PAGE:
Hydrocodone (Vicodin, Norco) is a prescription opioid pain reliever that produces a sedating and euphoric effect.
Some people use this drug by snorting (insufflation). They crush the hydrocodone pills and inhale the powder into their nose. This practice comes with unique risks beyond those already associated with hydrocodone addiction
Snorting Hydrocodone Damages The Nose
The tissue inside the nose is delicate. Snorting any powder irritates and inflames this tissue, which can cause nosebleeds.
Over time, snorting hydrocodone erodes nasal tissue. A hole may form in the cartilage between the nostrils (nasal septum) or the roof of the mouth (palate). This can make it very difficult for a person to eat, swallow, or even breathe normally.
Nasal erosion may cause the nose to make a whistling sound when someone breathes. Snorting hydrocodone can dry out mucous membranes in the nose that lubricate and protect it.
The drug can also damage the tiny nasal hairs (cilia) that trap dirt and other foreign particles. A person may partially or entirely lose their sense of smell due to snorting hydrocodone.
Snorting Hydrocodone Harms The Throat And Lungs
Some snorted hydrocodone travels to the back of the nose. From there, it may drip into the throat or windpipe and onto the vocal cords, causing a hoarse voice.
Hydrocodone can also enter the lungs and worsen asthma. Irritants that are normally stopped by mucus and nose hairs can cause lung inflammation.
This condition is linked to respiratory failure, which has symptoms like fatigue, weight loss, and difficulty breathing.
Snorting Hydrocodone Can Spread Disease
When someone shares paraphernalia for snorting hydrocodone, they may also share blood found in mucus.
Tools used to snort drugs—such as rolled paper—come in contact with nasal blood vessels. Bloodborne diseases like Hepatitis C can spread this way.
Dangers Of Snorting Hydrocodone
Prescription drugs like hydrocodone are formulated to be released into the body gradually. They pass through the digestive system before being distributed throughout the body.
When someone snorts hydrocodone, the drug travels directly into their bloodstream. The result is an immediate, intense effect, which makes this method of use desirable. However, taking hydrocodone in this way increases the risk that someone will become addicted to it.
Some people think that snorting drugs like hydrocodone is less dangerous than smoking or injecting them. While smoking and injection carry an even higher risk of addiction, snorting has many adverse consequences, too.
Hydrocodone pills are made up of more than just hydrocodone. Fillers can be irritating to the nose, throat, and lungs and are meant to be ingested orally for the safest outcome.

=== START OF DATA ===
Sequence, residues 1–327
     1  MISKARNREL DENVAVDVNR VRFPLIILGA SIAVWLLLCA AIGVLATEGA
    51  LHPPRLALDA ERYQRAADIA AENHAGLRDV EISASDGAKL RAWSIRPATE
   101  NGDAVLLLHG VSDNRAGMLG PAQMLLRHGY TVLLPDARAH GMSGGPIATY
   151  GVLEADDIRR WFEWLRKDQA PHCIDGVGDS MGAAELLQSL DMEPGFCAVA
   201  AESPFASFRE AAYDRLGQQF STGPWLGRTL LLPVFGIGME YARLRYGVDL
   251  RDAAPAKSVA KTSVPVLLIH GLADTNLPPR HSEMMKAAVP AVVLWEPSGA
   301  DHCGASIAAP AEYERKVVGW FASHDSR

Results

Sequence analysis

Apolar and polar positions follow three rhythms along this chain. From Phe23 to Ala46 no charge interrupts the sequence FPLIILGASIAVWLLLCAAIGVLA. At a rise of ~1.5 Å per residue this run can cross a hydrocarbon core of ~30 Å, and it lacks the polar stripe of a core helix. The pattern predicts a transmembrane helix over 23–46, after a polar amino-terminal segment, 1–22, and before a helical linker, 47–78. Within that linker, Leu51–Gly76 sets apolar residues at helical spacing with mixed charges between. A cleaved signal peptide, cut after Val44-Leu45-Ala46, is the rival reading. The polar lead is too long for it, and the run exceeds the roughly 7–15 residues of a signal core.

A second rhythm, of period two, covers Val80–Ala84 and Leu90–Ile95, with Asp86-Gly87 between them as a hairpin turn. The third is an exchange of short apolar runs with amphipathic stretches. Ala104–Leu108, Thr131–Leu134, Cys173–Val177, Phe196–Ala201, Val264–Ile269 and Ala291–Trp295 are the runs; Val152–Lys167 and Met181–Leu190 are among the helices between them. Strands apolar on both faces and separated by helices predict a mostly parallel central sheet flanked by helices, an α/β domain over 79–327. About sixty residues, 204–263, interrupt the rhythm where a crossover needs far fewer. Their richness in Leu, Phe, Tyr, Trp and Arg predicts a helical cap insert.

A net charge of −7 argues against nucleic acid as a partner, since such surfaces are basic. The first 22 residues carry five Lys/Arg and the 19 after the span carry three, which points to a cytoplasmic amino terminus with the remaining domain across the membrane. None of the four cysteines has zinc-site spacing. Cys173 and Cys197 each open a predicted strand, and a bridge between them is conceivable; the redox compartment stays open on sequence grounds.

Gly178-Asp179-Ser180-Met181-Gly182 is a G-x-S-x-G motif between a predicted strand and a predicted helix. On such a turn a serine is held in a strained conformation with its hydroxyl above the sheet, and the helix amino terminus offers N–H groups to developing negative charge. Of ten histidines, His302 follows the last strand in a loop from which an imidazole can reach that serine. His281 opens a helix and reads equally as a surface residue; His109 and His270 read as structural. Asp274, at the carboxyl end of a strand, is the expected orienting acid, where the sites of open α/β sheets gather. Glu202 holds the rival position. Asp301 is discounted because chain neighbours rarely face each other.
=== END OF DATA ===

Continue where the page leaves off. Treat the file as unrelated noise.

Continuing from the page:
Reports of counterfeit hydrocodone have surfaced in recent years. These pills, sold on the street, contained fentanyl, a powerful opioid drug that is linked to a spike in overdose deaths.
People who use hydrocodone are likely to obtain it illicitly, so they have a significant chance of receiving a drug laced with a deadly substance.
Can You Overdose On Hydrocodone While Snorting?
Snorting hydrocodone comes with a high risk of overdose. Because the drug enters the body all at once when snorted, it can be too much for the body to handle. If a person takes multiple doses, they may rapidly intake a toxic amount of hydrocodone.
If someone snorts hydrocodone while other central nervous system depressants are in their system (such as alcohol, benzodiazepines, or other opioids), its effect will be heightened. This can lead to loss of consciousness, coma, or death.
Naloxone is a widely available opioid antagonist that may be used to reverse hydrocodone overdose symptoms. It comes as an injection (Evzio) or nasal spray (Narcan) and can keep a person conscious until medical help arrives.
Signs Someone Is Snorting Hydrocodone
If someone is snorting hydrocodone, they may be getting prescriptions from multiple doctors “doctor shopping” or obtaining the drug illegally.
Hydrocodone can be found on the street or online without a prescription. If purchased illicitly, the drug may come in unlabeled pill bottles or bags.
Here are some signs that someone is snorting hydrocodone:
- powder residue on their belongings
- a chronic runny nose
- frequent nosebleeds
- a hoarse voice
- paraphernalia, such as rolled paper, straws, or hollow pens
- a perpetual state of sedation
- a high tolerance to hydrocodone
Since hydrocodone is an addictive drug, a person who uses it may show signs of addiction, such as loss of control over their drug use despite its negative effects in their life.
Hydrocodone addiction treatment at Vertava Health Texas
helps the individual regain control through addiction education and relapse prevention.
Treatment begins with medically supervised detox. Hydrocodone withdrawal can be an unpleasant process.
After detox, recovering individuals transition to a residential setting with 24-hour support. We offer a variety of traditional and alternative therapies that address each person’s unique needs.
Behavioral therapy is a vital part of hydrocodone addiction treatment that deals with problematic thought patterns and emotion regulation. Activities like yoga, music lessons, and disc golf encourage physical and mental healing as well as stress management.
We also provide medication-assisted treatment (MAT) for opioid addiction. People who are dependent on hydrocodone may have cravings and other withdrawal symptoms after detox. MAT alleviates these symptoms with medication while the individual attends therapy and counseling.
To learn more about hydrocodone or opioid addiction treatment options, reach out to a treatment specialist at Vertava Health Texas, formerly The Treehouse Scurry